Madame Estrella (Brett O'Hara) is a fortune teller at the carnival, and tonight she is getting one of her more middle-aged patrons drunk and tries to seduce him, but he spurns her advances, sending her into a rage. She calls on her assistant to hold the man down while she spitefully pours acid in his face and sends him into the cage behind the back room where she keeps her disfigured zombies. Meanwhile, dancer Marge (Carolyn Brandt) is performing her act with her partner, but her boss notices she is not as adept as she should be and when she finishes he warns her she should sort herself out unless she wishes to be sacked. Nevertheless, when she returns to her dressing room she begins drinking after being frightened by a black cat - but losing her job will soon be the least of her worries...
Talk about the true auteurs in American cinema, your Woody Allen, your Orson Welles, even your Russ Meyer counts, then why isn't Ray Dennis Steckler mentioned among them? He turned out low budget work in a variety of genres, from comedy to thrillers to this, which was billed as "The World's First Monster Musical!". He didn't script the film, which is blessed with one of the most attention-grabbing, long winded titles in movie history - those honours went to Gene Pollock and Robert Silliphant (who also wrote The Creeping Terror, which enjoys a similar reputation to this opus), but the Steckler hand is evident all over this.
And Steckler directs himself too, under his accustomed pseudonym Cash Flagg, playing Jerry the hapless victim of the orange-countenanced Madame Estrella and her hypnotic powers. When we first meet Jerry he is with his flatmate Harold (the strongly-accented Atlas King) trying to avoid the subject of getting a job as he'd rather go out and have a good time, something that appeals to his girlfriend Angie (Sharon Walsh) despite her mother's concerns. The three of them decide to see the sights of the local carnival and the nearby beach, so off they go, leading to quite a few shots of them fooling about on funfair rides.
One thing that is incredibly strange about the film is the amount of incredibly strange noises on the soundtrack, one apparently an ominous heartbeat resembling someone using a sink plunger on a blocked drain, and that's without mentioning the theme music over the titles that sounds like someone leaning randomly on the keys of an electric organ. But music plays a big part of the film, as this is a musical after all, and so there is a wearisome amount of padding that it becomes clear the carnival rides were only the start of. Most of these take the form of acts that the fairground patrons have gone to see and range from dancing girls to a bloke with a guitar (why is the audience for the stripper, who has the world's shortest act, mostly made up of middle aged women?).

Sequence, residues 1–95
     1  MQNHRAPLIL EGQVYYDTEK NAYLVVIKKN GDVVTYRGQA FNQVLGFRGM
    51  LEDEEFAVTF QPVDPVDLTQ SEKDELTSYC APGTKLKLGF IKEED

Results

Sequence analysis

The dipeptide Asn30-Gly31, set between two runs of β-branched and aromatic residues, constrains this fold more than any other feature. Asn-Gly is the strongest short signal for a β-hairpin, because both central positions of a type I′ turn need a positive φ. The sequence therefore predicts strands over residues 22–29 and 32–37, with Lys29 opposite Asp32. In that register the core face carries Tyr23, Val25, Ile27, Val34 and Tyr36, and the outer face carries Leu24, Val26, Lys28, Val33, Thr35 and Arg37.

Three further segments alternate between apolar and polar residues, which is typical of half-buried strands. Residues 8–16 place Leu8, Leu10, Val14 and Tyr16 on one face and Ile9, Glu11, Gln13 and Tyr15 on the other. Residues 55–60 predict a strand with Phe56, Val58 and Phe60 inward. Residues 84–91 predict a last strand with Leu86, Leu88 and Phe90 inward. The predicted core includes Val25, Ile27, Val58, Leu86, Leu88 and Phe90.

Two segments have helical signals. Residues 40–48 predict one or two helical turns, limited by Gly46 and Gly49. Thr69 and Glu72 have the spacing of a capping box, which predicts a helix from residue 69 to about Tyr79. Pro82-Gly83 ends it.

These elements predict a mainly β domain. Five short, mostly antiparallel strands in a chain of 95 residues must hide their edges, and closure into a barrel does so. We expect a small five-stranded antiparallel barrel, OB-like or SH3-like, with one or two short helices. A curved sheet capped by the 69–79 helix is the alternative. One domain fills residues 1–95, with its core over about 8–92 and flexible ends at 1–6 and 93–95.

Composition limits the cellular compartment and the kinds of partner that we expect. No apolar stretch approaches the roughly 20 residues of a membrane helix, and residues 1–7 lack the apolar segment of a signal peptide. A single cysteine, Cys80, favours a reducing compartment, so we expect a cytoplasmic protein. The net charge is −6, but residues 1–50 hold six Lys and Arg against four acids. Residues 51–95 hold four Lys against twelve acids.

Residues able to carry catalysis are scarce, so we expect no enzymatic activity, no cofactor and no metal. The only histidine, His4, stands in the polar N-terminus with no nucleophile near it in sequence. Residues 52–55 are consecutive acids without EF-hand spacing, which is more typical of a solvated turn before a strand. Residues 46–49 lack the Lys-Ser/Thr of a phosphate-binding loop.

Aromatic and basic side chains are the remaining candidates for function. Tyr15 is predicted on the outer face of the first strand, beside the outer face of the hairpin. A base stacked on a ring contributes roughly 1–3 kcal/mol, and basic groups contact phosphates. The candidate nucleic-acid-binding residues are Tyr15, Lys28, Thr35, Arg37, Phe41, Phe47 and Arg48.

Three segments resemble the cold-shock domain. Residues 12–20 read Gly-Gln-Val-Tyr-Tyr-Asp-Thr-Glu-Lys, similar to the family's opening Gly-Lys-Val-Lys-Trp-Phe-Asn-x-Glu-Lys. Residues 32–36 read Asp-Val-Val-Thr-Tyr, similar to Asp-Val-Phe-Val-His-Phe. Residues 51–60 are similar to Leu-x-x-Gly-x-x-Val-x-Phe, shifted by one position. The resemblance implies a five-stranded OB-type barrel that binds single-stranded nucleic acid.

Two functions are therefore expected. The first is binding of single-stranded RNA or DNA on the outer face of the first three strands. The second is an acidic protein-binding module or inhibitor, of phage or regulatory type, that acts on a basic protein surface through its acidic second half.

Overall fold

Jerry and his friends end up at the fortune teller's, nearly knocked over as they go in by a fleeing Marge who has just been dealt the Ace of Spades and sees it as a bad omen, especially after getting a glimpse of the incredibly strange creatures. One thing leads to another, and before they know it Jerry has been abandoned by the other two to see the burlesque show, asked backstage by the stripper and hypnotised at great length to kill off Marge. In fact, a lot of scenes go on a lot longer than is reasonable, notably the musical numbers; when the final one is interrupted by the incredibly strange creatures it's a blessed relief - everyone's a critic, I guess. With some eccentrically non-Hollywood touches such as the drunken leading lady you can see Steckler was playing by his own rules as usual, and they don't make them like this anymore. Music by André Brummer and Libby Quinn.